Siege of Orléans (1429)Siege of Orléans (1429) - It's said about The Hundred Years' War that England won most of the battles, but France ultimately won the war.  After devastating defeats at Crécy, Poitiers and especially Agincourt, France could have easily collapsed under the strain of those losses.  However, at Orléans, it began to turn things around.  Actually, credit for France's salvation is largely given to one person; not a man, but a woman.  Joan of Arc.  England's strategy for victory relied on capturing Orléans, and it very nearly did.  Had it done so, it might well have won the war.  Orléans was the northernmost town still loyal to the French crown.  Everything north of it was under English (or her allies) control.  And it was situated on the Loire River; which would make campaigning into the heart of France much easier.  The siege began in October 1428.  England tried to make quick work of Orléans by bombarding it with artillery.  However, French reinforcements arrived just in time to repel the assault.  They then managed to destroy the bridge spanning the Loire, thus disrupting England's supply line.  So the English changed tactics and tried to starve the city into submission.  This meant a much longer siege.  The French tried to break it in February 1429, but were beaten at the Battle of the Herrings.  The defeat destroyed French morale.  At this point they were all but resigned to the loss of Orléans and perhaps the war too.


According to the Chronique de la Pucelle (Chronicle of the Maid), one of the sources of The Hundred Years' War, on the very day of the Battle of the Herrings, a young peasant girl in Vaucoleurs named Joan (Jeanne d'Arc in French) was trying to convince Robert de Baudricourt, a captain in the French army, that she was divinely appointed to deliver the Dauphin Charles from the English army.  After several failed attempts, and perhaps because Baudricourt came to the realization that there was nothing left to lose, he relented and dispatched her to the Dauphin under armed escort.  After some persuasion, the Dauphin provided her with armour, a banner, a page and heralds, and added her to a force of five hundred soldiers that left for Orléans at the end of April 1429.  They approached from the South and came up with a plan to enter the city.  While 300 of the soldiers attacked the English fort (the French fort Tourelles which was occupied by the English) guarding the river, the other 200 (including Joan) equipped with relief supplies approached the landing outside the city.  Ships from Orléans sailed out and picked them up.  According to the chronicle, one of Joan's miracles was performed there.  The winds which brought the ships out, suddenly shifted and allowed them to return to the city under cover of darkness.  Joan disembarked from one of the ships with her banner raised and the people rejoiced.  They had been resupplied with fresh provisions and their spirits were immediately lifted.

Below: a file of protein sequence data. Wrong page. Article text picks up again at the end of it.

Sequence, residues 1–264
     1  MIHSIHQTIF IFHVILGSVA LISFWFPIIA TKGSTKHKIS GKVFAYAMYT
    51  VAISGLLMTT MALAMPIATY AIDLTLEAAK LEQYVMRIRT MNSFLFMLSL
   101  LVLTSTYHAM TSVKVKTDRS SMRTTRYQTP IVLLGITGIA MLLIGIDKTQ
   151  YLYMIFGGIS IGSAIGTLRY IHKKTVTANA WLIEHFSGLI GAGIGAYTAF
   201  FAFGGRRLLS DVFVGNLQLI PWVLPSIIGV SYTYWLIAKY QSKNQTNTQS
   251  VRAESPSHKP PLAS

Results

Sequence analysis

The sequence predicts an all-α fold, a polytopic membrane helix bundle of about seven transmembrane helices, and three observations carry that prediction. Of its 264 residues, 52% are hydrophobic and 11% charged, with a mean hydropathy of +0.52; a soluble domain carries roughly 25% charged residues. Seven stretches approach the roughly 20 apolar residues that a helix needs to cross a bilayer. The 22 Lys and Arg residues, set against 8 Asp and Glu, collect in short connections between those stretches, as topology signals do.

Siege of Orléans (1429)The plan was to send a relief force from Blois to Orléans and when it arrived, the army guarding the city would break out and crush the English siege.  While they waited, Joan sent messengers to the English warning them to withdraw, but they were dismissed as being "emissaries of a witch."  They also conducted makeshift repairs on the bridge at night so as to allow the English to be attacked from both sides.  When the relief force arrived, the French still did not have enough troops to beat the entire army, so they concentrated their attack on the Tourelles guarding the Loire.  They captured it on May 7th.  At that point, the English lifted the siege because without control of the Tourelles, they could guard neither the bridge nor the river and the French could resupply the city at will.  While the Siege of Orléans ended in heavy losses for the English and a failure to capture the city, they merely considered it a setback and were far from beaten at that point.  The war would drag on for another 24 years, but they were never able to penetrate into the heart of French territory after that and eventually had to abandon their plans of conquering France.